IT’S long been suspected by women constantly watching their waistlines, but now scientists have confirmed that dieting can actually make you fatter.
New research into diet and nutrition has found that the more you deny your body high-calorie food – the more likely you are to binge on it once you hit your target weight.
The findings could also apply to the popular 5:2 diet – which requires two days of eating just 500 calories, followed by five days of “normal” eating.
The recent study, carried out by Dr Eric Stice at the Oregon Research Institute, looked at why, once the diet is over, many people pile on the pounds again.
The main findings showed that the longer people restricted the amount of calories they ate, the larger their craving for high calorie foods became.
Dr Stice, who has been studying eating disorders and obesity for 20 years, said: “The story is a familiar one: most people are able to lose weight while dieting but once the diet is over, the weight comes back.
“Many of us can personally attest that caloric deprivation weight loss diets typically do not produce lasting weight loss.
“Results suggest that restricting food intake increases the reward value of food, particularly high-calorie, appetising food such as chocolate milkshakes and that the more successful people are at caloric-restriction dieting, the greater difficulty they will face in maintaining the restriction.
“Additionally, abstaining from food intake for longer durations of time also increases the reward value of food, which may lead to poor food choices when the individual eventually does eat.”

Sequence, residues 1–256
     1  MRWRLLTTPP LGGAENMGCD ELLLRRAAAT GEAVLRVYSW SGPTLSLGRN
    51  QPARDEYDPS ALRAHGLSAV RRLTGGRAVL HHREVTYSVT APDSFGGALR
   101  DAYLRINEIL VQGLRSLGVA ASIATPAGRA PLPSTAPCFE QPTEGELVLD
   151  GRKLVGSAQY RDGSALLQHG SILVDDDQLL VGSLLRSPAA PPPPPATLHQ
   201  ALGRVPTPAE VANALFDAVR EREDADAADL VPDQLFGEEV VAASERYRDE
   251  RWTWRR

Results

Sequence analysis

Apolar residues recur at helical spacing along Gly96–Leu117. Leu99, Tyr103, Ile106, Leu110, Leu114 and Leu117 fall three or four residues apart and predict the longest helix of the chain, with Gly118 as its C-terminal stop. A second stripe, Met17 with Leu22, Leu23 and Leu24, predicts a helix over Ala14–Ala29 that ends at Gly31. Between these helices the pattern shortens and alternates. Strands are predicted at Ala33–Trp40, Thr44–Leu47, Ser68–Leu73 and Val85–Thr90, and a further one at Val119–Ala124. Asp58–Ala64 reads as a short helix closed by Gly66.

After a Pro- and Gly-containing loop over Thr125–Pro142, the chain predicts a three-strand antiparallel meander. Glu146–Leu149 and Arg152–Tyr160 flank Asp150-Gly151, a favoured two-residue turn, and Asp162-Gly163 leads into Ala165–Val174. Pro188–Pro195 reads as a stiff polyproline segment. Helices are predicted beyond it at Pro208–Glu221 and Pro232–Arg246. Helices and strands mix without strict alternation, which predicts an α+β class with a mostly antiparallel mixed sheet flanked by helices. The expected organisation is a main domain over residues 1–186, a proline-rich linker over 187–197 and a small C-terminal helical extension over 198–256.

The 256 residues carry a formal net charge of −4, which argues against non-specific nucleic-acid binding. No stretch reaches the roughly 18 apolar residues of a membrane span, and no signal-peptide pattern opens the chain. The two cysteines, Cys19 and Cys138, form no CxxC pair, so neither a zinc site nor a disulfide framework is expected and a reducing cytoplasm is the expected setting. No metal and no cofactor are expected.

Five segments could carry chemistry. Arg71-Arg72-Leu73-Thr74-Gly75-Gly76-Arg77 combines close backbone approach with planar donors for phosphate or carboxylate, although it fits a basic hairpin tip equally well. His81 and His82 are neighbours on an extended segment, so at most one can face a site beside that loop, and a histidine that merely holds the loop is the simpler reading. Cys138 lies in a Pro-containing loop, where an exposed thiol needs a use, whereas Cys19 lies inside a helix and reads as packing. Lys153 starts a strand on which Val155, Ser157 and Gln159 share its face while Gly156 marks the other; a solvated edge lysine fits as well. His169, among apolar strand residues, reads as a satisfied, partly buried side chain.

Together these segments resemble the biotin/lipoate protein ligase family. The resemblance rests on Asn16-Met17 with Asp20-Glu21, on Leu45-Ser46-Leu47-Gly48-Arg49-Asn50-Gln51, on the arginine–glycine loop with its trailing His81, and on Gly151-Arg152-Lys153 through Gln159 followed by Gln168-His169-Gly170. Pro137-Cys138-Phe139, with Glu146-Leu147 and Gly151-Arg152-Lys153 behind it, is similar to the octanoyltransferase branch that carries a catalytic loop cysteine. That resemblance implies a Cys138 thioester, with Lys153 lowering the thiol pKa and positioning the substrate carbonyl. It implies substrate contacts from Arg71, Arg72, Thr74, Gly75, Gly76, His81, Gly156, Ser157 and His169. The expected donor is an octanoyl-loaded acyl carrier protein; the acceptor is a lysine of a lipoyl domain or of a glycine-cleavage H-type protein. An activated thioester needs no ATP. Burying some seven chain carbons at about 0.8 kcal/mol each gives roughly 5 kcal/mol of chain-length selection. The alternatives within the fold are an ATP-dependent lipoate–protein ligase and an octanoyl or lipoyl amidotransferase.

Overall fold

He added that people going for the longest times without food were also the most likely to pile the weight back on, and suggested they would see better results by eating healthy snacks rather than not eating at all.
“Results imply that dieting characterised by meal skipping and fasting would be less successful than weight loss efforts characterised by intake of low energy, healthy foods,” he said.
As part of the study, researchers took two groups of adolescents who restricted their calorie intake.
They then recorded the “reward” activity in their brains when showing them pictures of palatable foods, unpalatable foods and glasses of water.
The team also measured the groups’ neural responses to consumption and anticipated consumption of a chocolate milkshake and a calorie-free tasteless solution.
Dr Stice then examined whether the number of hours since their last caloric intake, which varied from three to 22, matched the brain activity in response to being given palatable food.
Talking of the research published in the journal NeuroImage, he said: “These results are unique in that these data are the first to suggest that elective caloric restriction increases the degree to which brain regions, implicated in reward valuation and attention, are activated by exposure to palatable foods.
“The implications of this imaging study are crystal clear; if people want to lose excess weight, it would be more effective to consume healthy, low-fat/low-sugar foods during regular meals, rather than go for long periods of time without any caloric intake.”